In Wells’ pieces, objects are not mere decorative or narrative fillers, they become partners to the performers, who cartwheel over, push against, or dive over them. In Home (2006) and Father On (2013, co-created with Sheldon B. Smith), performers slide belly down on a wooden table, swiftly travelling from one side to the other. In Home, a couch changes roles: it welcomes lovers, then fervent souls praying with joined hands, then college students having a wild party. For Wells, this sensorial and explorative relationship with the environment inevitably stems from contact improvisation, but also from watching Gene Kelly’s performances. “When I was in college in Santa Cruz, I went to every Gene Kelly movie,” Wells recalled. “An American in Paris is very functional with closing cabinets, sliding on a table… I love all this interaction with the environment which is both physical and beautiful.”

Manipulated by the performers, objects take a life of their own. They can kill a bravado, such as when a large gym mat falls over a dancer in Parkour, just after she has performed a balancing feat. In the same piece, one of the female performers pushes a mat down. It falls on the floor with a big thud, prompting the fall of a performer walking away from it, reminiscent of a deck of falling cards.

One could say that Wells is also influenced by the surf culture of the West coast. It is certainly apparent in One Fell Swoop: The Art of Skateboarding (2000), where dancers and skateboarders share the stage. “I love their bodies when they are skateboarding,” Wells comments about the skateboarders, “they are so relaxed, aware and able.” The defiance of gravity and risk-taking commonly practiced by skateboarders are equally applied by Wells’ dancers who dive off walls and props with fluid grace and ease. In Call of the Wild (2009), men run up and against the back wall, using it momentarily as a vertical floor, recalling the ease and mastery with which surfers attack waves.

Similarly, Wells’ pieces somehow absorb the Western archetype of exploring the last frontier and pushing the boundaries of space. In Parkour, performers use the wall for support of a handstand. In his West (Side) Story (2008), dancers sit at the edge of the stage, moving in and out of the space between audience and stage, using that edge as a springboard for jumps. In Gym Mystics (2007), dancers push against the theater walls and use them as a springboard for a somersault. Later in the piece, dancer Andrew Ward walks on beams put together as a moving staircase by his fellow performers, until he is high enough to reach the space above the stage, where the lights reside, and disappear into the dark space.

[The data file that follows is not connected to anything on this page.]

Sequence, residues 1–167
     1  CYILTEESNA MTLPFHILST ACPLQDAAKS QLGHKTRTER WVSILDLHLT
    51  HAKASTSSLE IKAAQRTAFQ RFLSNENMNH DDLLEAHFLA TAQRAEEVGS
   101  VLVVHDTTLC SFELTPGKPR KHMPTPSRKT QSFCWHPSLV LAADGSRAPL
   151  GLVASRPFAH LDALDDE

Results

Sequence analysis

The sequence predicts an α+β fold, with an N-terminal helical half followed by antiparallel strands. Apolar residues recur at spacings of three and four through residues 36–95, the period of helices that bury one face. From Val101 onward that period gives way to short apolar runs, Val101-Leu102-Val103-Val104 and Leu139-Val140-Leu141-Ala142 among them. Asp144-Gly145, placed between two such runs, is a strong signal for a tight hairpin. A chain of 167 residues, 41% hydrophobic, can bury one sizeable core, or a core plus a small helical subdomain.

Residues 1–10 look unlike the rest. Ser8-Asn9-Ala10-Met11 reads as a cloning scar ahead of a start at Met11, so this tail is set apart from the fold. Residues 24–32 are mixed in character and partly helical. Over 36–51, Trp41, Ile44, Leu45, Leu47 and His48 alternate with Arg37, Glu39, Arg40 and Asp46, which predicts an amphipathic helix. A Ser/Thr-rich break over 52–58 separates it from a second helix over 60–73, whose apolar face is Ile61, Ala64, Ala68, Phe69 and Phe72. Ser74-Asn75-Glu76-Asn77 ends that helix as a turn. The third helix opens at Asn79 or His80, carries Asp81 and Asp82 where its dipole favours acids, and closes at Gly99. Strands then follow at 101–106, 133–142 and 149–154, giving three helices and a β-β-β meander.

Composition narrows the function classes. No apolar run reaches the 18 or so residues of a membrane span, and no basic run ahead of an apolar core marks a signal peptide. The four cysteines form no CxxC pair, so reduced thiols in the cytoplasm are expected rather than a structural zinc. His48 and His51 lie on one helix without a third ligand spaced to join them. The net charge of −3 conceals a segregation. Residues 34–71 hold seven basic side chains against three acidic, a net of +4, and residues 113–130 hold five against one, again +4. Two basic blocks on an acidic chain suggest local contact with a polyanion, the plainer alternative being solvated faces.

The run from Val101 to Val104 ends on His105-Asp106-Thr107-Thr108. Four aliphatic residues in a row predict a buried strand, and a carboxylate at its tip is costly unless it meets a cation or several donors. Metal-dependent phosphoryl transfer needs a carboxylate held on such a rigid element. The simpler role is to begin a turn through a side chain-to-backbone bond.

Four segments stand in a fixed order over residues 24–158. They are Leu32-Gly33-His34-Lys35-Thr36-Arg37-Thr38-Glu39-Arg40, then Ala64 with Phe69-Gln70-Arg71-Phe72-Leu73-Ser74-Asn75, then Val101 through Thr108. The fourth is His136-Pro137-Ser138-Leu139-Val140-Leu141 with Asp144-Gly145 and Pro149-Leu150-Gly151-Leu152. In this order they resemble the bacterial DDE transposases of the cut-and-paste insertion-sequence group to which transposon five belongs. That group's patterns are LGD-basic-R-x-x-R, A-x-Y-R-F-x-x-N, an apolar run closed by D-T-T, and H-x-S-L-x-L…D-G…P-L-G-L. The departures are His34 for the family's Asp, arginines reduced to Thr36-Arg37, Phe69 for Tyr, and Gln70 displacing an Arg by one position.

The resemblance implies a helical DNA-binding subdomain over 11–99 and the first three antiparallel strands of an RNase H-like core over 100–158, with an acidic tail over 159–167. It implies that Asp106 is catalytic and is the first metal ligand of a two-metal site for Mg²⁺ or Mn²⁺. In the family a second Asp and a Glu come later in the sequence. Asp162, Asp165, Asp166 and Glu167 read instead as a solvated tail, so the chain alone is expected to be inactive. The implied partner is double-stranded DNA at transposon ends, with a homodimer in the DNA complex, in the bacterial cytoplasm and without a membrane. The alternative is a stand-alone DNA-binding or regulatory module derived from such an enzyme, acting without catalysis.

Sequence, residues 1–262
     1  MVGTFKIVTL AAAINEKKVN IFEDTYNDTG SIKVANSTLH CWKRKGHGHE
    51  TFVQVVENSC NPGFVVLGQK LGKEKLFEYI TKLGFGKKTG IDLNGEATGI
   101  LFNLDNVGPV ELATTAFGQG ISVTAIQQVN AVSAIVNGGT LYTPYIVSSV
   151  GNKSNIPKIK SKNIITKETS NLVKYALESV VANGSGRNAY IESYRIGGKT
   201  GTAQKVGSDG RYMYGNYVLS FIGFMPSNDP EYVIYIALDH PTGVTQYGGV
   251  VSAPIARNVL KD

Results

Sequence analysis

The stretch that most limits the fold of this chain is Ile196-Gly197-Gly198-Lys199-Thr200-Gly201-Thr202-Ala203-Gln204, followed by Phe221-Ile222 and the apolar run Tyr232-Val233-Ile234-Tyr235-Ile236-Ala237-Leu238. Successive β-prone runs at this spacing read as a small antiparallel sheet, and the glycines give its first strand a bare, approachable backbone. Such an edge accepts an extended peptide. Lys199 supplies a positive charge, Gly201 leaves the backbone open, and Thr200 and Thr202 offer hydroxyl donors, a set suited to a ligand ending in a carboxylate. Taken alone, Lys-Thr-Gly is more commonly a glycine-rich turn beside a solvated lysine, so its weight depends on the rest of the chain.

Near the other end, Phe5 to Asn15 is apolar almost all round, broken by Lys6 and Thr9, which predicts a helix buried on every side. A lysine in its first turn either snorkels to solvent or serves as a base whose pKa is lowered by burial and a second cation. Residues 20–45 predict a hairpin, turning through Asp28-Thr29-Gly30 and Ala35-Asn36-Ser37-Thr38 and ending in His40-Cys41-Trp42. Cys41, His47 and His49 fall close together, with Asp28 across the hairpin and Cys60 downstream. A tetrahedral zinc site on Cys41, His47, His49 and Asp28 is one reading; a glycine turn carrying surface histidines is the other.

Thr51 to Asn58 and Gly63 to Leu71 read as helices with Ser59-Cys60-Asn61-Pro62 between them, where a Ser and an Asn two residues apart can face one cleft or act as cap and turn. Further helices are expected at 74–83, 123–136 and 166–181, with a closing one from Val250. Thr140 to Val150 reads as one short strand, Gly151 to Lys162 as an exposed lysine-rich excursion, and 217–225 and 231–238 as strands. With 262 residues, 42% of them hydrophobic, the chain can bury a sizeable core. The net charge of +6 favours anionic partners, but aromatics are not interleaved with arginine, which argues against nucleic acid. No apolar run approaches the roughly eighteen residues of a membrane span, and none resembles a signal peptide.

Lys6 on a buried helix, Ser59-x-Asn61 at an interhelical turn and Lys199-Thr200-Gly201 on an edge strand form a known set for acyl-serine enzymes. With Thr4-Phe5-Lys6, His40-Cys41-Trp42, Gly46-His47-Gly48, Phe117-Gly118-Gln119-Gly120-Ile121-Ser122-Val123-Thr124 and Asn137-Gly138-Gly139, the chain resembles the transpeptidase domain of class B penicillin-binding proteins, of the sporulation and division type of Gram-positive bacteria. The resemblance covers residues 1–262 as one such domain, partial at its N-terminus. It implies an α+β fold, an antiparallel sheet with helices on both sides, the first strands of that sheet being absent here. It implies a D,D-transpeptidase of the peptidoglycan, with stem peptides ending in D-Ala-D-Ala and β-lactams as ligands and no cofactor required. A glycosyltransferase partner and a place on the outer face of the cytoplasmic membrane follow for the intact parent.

Carving new niches within space is also seen in how Wells’ dances often vibrate within a median space. Where ballet traditionally occupied the upper realms, away from gravity, and modern dance revered the connection to the floor, Wells’ pieces often seem to claim a place in between, such as when Rajendra Serber jumps horizontally over a beam in Ball-is-tic (2010) or Sebastian Grubb flies over a fellow performer in West (Side) Story. Similarly, in Call of the Wild, a performer springs in a perfect low horizontal line over four seated performers, and rolls off stage.

Exploring the many layers of masculinity

With some pieces created solely for male performers, Wells’ dances also offer a unique lens into the universe of men. They navigate the different stages of fatherhood in Father On; cultivate skills and body tone in Gym Mystics; converge on a field of sport in Ball-is-tic; negotiate the thin edge between softness and roughness in Rocky vs. Baryshnikov (2002).

"Father On" Photo By David Papas

“Father On”
Photo By David Papas

In these pieces, Wells highlights how men’s juvenile nature can suddenly burst to the surface of adulthood given the right environment. In Ball-is-tic, serious-looking performers dressed in black suits walk and cross paths without acknowledging one another. The lighting is quite dark; the soundtrack is a Hungarian song and one imagines the men walking on the plaza, a common place of male sociability in Eastern European countries, where Wells has taught and lived. A bright red ball suddenly bounces onto the stage, interrupting the stern visual rhythm that the men’s walk had previously set. A quick succession of additional balls follows, creating a sudden cacophony of colors and forms, the stage transforming into a playground in which the dancers shed their seriousness and begin to play catch, hooting and hollering as if the men had been returned to boys.